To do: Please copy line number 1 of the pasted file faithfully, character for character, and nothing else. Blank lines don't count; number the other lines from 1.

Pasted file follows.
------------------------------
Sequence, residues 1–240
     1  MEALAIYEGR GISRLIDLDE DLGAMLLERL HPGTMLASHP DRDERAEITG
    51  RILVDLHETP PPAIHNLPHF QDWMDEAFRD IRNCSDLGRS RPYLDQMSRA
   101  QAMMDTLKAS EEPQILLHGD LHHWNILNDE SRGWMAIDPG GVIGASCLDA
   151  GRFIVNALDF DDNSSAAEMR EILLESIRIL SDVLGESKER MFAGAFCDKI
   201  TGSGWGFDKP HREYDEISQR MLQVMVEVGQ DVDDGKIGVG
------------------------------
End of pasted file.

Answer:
Sequence, residues 1–240